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YSL Rive Gauche

Rive Gauche is one of two ‘default’ fragrances that I switch between for summer when I am not working my way through all the most recently-launched scents – the good, the bad and the indifferent, but probably 250 in an average year, which gobbles up a lot of scent-wearing days.  The black, blue and silver tin has earned its keep on my dressing table ever since I first bought a bottle of this not long after it launched in 1970.  It’s hard to imagine now how ground-breaking this fragrance was:  one of the first, with the much more downmarket Charlie, which tapped into the seismic shift taking place between the sexes.  While not exactly targeted at bra-burners, Rive Gauche was daring, independent, and (as the translation of one ad. from the French goes:  ‘not for the unassuming woman’).  You bought it for yourself;  you didn’t wait to be given it for a birthday, and you wore it with trousers or jeans, not flowery dresses.  It was ambition and possibility and freedom and maybe-one-day-I’ll-live-in-Paris-and-hang-out-with-Simone-de-Beauvoir, all rolled into one beautiful floral composition.  It was especially daring because it came in a tin, for heaven’s sake, not a bottle.  (And still does.)

Like Chanel No. 5, Rive Gauche is packed with aldehydes and classic floral notes like gardenia, jasmine, rose – categorised as an ‘abstract floral’, in scent-speak.  But I find it much ‘greener’ than most true florals (and like it all the more for that).  At first whooosh, you encounter the top notes – but to me, these isn’t the bergamot promised in the scent’s official pyramid, but wet mossy notes, geranium – and a blink-and-you’ll-miss-it hit of Lapsang Souchong smokiness after it’s been spritzed.  Then – just like a summer’s morning when the temperature climbs – those floral notes start to open, and warm the fragrance up.

The lily of the valley is very pleasing, the rose light and not heavy-handed:  there’s a soft powderiness, but when I close my eyes I’m also reminded of that iconic green creation, Vent Vert (it shares notes of muguet and rose, as well as peach, with that Balmain classic).  I spray this fairly compulsively when it’s a Rive Gauche day (it’s hard to overdo the eau de toilette), and only really get to enjoy the woody dry-down at bedtime – vetiver and the subtlest trace of sandalwood, with a surprisingly lingering rosiness.  It wasn’t until I looked up Rive Gauche’s history today to check its launch date that I discovered this ground-breaking scent was originally created by Jacques Polge – now the in-house perfumer for Chanel and one of the greatest ‘noses’ of our time.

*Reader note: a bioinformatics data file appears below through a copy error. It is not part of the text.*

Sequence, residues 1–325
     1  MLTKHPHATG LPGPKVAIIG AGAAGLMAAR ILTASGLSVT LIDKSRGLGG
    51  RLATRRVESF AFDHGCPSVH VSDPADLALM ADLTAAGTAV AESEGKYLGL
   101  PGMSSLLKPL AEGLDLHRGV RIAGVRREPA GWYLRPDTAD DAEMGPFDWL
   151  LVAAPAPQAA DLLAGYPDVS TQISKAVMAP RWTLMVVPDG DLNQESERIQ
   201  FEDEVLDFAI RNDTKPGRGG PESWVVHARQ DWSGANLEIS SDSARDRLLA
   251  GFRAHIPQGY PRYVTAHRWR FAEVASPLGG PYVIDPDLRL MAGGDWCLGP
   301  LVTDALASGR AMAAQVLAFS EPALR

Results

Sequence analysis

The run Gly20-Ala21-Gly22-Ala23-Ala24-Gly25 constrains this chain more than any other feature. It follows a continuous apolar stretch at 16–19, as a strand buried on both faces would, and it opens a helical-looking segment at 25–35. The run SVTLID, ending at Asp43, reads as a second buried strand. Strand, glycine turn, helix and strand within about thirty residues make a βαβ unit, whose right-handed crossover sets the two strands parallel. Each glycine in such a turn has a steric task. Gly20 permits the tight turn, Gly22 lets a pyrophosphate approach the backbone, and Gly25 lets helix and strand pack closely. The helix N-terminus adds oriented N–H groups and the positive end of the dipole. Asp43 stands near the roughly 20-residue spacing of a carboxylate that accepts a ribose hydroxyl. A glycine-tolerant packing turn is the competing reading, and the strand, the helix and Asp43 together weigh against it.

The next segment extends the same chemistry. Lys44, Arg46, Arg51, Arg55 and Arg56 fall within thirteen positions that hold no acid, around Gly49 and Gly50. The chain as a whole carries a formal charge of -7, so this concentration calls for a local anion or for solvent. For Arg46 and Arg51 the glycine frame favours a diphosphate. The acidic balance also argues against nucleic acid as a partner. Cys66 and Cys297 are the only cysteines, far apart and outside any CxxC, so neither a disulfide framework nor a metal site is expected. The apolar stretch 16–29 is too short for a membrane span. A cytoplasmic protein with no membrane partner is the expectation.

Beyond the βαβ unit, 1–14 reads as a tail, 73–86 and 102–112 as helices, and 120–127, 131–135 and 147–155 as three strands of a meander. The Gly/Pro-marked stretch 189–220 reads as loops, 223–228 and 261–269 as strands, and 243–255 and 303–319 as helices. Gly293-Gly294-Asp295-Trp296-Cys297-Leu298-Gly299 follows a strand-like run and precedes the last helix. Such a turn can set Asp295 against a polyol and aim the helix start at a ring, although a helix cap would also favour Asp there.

For whatever reason (economy?  unavailability of ingredients?), the original got tweaked a lot en route to the 21st Century, but was reformulated in 2003 under Tom Ford’s reign at YSL. I’m currently scouring eBay for a bottle of the original, for strict comparison (apparently the tin means it’s better preserved than many vintage scents), but I disagree totally with many former fans who say the current Rive Gauche is nothing like the original:  to me, it still dazzles.  I smell it and I am still that full-of-excitement, what’s-life-got-in-store? teenager, striding towards my bright future.  (Albeit in a rather unfortunate pair of flares.)

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3 comments to YSL Rive Gauche

  • Irene Evans

    I agree with your comments when it comes to the original Rive Gauche, it’s my everyday perfume. But the reformulation on my skin is definitely NOT the same. It’s sharper, less powdery and lacks the complexity that it had previously. It feels wrong, it’s no longer my comfort scent.

  • Jonathan Bagley

    Back in 1984, a girl I knew smelled heavenly one evening. I’ve never forgotten it. It turned out to be Rive Gauche. It’s my favourite lady smell. I came across your article during a nostalgic search for information. I didn’t realise at the time it was expensive or critically acclaimed. Interesting you say it has similarities with Chanel No.5. That’s what my mum always wore. I’m sure Freud would have something to say about that.

  • Jane

    I hadn’t realised that the perfume was reformulated but have to agree that it is different.I started wearing it in 1990 and have not changed since. I must admit for the past few years I have wondered if the presents I have received were ‘copies’ and assumed my sense of smell had changed! I still love it, but not as much and am currently trying other perfumes. I’ve not found a replacement yet though, any suggestions?

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